3 criteria have to be fulfilled by an invention to receive patent protection for 20 years: inventive step, industrial application, novelty. User Rights With a patent in place, user rights can be clearly defined and licensed. Teaming up with governmental institutions, organizations and academic scientist becomes easier. A big help when researching new treatments for unmet medical needs. National authorities It depends on the date of application and the regulations of national authorities when and for how long the patent is valid. Once approved the Orphan Drug Status allows inventors to keep sales rights exclusive for a little longer. An exception to reduce the financial risk and encourage the work on treatments for rare disorders. The length of protection depends on the country and region. www.pharma.bayer.com
Views: 2365 Bayer Pharmaceuticals
Overview of general marketing in the pharmaceutical industry: product positioning and competitive analysis, with a brief glance into the AED market (Philips & ZOLL). Pharma marketing in a digital landscape - 0:27 Our market is the most competitive market? - 0:45 Product positioning and competition in a saturated market - 1:11 Product differentiation & market segmentation - 1:31 What do you do after launch? (lifecycle management) - 2:50 Transcript: https://pharmadigitalmarketing.com/marketing-in-pharma/ Site: https://pharmadigitalmarketing.com
Views: 5995 Pharma Digital Marketing
In this interview with Prof. R. Srinivasan, faculty in the Corporate Strategy and Policy department at IIM Bangalore, who has studied the pharmaceutical sector in India, we try to understand the Indian pharmaceutical industry in terms of its evolution, changes in strategy, merger and acquisition activities, growth prospects and future trends.
Views: 480 tejasvideochannel
Click here for more Information: https://www.audioeducator.com/pharma-biotech/anda-paragraph-iv-patent-certifications-07-06-2016.html Regulatory Requirements for ANDAs and Paragraph IV Patent Certifications Presented By: David Lim This session with expert David Lim will discuss the regulatory requirements for generic drug applications, and in particular, will cover patent certifications (paragraphs 1-4) with major focus on Paragraph IV certifications. David will help you better understand regulatory requirements for ANDA filings with focus on paragraph IV (para IV) certifications. More Videos: - http://www.youtube.com/user/audioeducator2 You can also connect with us on Twitter, Facebook, Google+ and LinkedIn and get the most updated news and views, expert advice and tips to help resolve your coding, billing & compliance dilemmas quickly and accurately. Connect with us on Twitter: - https://twitter.com/audioeducator Facebook: - https://www.facebook.com/pages/AudioEducator/244912592201260 LinkedIn: - http://www.linkedin.com/company/audio-educator Google+: - https://plus.google.com/102668946943256059069/posts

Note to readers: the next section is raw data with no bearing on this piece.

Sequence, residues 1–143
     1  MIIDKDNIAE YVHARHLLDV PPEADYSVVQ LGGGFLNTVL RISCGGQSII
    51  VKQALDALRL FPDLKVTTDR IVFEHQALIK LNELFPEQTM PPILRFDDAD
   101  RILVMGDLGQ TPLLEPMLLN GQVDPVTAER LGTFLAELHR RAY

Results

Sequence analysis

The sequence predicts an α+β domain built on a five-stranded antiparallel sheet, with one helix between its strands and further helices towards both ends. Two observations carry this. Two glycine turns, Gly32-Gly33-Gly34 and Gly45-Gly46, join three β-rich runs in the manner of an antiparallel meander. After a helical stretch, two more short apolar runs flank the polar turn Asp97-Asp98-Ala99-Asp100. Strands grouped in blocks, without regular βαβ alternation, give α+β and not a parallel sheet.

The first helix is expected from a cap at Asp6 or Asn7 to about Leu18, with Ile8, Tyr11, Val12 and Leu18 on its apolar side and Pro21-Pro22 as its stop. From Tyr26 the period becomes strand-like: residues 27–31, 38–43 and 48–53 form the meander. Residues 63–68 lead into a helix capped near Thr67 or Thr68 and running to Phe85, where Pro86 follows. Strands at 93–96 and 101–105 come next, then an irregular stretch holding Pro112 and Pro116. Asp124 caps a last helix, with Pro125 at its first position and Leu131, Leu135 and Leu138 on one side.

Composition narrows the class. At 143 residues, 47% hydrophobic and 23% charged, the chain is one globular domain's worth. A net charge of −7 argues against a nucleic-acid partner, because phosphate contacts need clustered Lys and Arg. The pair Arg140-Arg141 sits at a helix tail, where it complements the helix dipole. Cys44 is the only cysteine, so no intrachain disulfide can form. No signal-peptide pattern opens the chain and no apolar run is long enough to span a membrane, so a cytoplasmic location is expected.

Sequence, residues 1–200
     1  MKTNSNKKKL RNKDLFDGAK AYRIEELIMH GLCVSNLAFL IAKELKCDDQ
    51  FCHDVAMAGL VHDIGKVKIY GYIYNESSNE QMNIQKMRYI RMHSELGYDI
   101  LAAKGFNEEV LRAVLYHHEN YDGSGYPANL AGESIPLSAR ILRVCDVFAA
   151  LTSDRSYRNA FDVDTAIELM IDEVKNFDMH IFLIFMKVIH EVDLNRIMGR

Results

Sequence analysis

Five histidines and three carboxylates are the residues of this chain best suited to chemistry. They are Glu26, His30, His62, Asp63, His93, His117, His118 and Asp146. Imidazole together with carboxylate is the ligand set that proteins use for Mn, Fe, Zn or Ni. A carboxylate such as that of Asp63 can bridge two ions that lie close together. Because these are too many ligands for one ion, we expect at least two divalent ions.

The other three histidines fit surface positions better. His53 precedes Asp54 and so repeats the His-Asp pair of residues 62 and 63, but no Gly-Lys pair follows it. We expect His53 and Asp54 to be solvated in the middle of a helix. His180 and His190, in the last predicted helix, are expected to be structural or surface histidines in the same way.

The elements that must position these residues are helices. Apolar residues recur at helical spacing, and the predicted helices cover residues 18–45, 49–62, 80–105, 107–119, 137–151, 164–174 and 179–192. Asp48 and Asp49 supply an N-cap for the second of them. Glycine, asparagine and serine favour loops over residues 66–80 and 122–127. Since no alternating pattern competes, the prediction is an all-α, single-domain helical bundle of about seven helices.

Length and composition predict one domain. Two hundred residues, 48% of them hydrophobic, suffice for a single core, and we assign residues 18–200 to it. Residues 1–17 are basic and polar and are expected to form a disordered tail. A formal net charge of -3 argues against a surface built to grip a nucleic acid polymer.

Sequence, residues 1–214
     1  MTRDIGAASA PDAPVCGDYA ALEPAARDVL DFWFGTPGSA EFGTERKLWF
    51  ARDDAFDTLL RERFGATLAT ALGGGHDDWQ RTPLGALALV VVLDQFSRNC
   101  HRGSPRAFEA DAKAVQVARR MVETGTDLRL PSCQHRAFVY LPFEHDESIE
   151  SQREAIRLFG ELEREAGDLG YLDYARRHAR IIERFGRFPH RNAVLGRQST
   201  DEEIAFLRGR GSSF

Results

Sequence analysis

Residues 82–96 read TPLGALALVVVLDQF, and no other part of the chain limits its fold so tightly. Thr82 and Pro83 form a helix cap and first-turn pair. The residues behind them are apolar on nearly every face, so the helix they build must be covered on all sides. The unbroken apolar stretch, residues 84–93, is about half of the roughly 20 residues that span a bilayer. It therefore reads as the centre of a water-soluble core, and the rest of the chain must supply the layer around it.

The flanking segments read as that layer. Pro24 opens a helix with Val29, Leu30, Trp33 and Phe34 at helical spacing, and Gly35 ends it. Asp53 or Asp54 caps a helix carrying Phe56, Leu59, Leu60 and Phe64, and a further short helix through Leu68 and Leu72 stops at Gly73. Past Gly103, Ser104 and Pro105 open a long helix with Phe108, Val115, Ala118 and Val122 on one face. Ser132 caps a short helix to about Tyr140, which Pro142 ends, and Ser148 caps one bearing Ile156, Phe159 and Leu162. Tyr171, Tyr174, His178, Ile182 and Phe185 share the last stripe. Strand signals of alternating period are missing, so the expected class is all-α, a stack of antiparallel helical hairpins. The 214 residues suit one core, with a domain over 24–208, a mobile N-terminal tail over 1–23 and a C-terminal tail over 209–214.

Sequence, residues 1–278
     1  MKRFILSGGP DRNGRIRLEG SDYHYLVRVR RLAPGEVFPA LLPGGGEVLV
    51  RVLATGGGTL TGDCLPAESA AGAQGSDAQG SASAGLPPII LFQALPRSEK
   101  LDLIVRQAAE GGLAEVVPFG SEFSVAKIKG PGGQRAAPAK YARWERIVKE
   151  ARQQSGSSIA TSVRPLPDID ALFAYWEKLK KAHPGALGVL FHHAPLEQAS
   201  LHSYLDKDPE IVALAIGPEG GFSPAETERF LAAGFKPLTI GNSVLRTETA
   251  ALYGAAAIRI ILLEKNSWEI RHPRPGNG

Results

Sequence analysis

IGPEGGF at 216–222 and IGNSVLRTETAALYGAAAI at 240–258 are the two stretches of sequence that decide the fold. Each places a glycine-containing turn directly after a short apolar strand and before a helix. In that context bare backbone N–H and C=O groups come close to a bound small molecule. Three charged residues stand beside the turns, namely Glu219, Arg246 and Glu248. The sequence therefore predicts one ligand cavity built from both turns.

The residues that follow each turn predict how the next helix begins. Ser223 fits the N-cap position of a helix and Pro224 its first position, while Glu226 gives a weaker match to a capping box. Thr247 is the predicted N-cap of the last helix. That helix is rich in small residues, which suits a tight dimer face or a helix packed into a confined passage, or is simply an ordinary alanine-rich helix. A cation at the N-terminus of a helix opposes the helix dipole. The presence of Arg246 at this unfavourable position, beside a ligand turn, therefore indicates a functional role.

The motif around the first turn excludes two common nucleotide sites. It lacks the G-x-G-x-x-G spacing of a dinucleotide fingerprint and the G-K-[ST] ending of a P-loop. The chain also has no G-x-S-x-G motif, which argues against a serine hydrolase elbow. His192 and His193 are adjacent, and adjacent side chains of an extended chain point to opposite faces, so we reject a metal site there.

Views: 2370 AudioEducator
The importance of the Indian Supreme Court's decision on generic drugs, why the bar is lower for generic drug production in the United States,why Pharma companies drive inefficiency and threaten global health, why pharma companies are primarily marketing firms , why medicine is a "Global Public Good" and why "free trade agreements" are simply a giveaway for corporations... This clip from the Majority Report, live M-F at 12 noon EST and via daily podcast at http://Majority.FM Subscribe to us on YouTube: http://youtube.com/user/SamSeder
Views: 1337 The Majority Report w/ Sam Seder
This was a presentation I made for one of my IP courses in law school at Berkeley Law, Fall 2016. This is just a basic overview of strategies used by pharmaceutical manufacturers (patent holders) for protecting their patent rights and exploiting them as best they can, as well as the basic process for generic market entry.
Views: 753 Matt Kempf
Do you want to know more about Patenting of Pharmaceuticals? Here in this video Mr. Biswajit Sarkar (Owner at Biswajit Sarkar - Advocates - IP Attorneys), is giving speech on patent strategies, issues and concerns for medical device inventions and about pharmaceutical patent law in India. You can understand what is the role of patent in pharmaceutical industry in India and why are drug patents important in this video.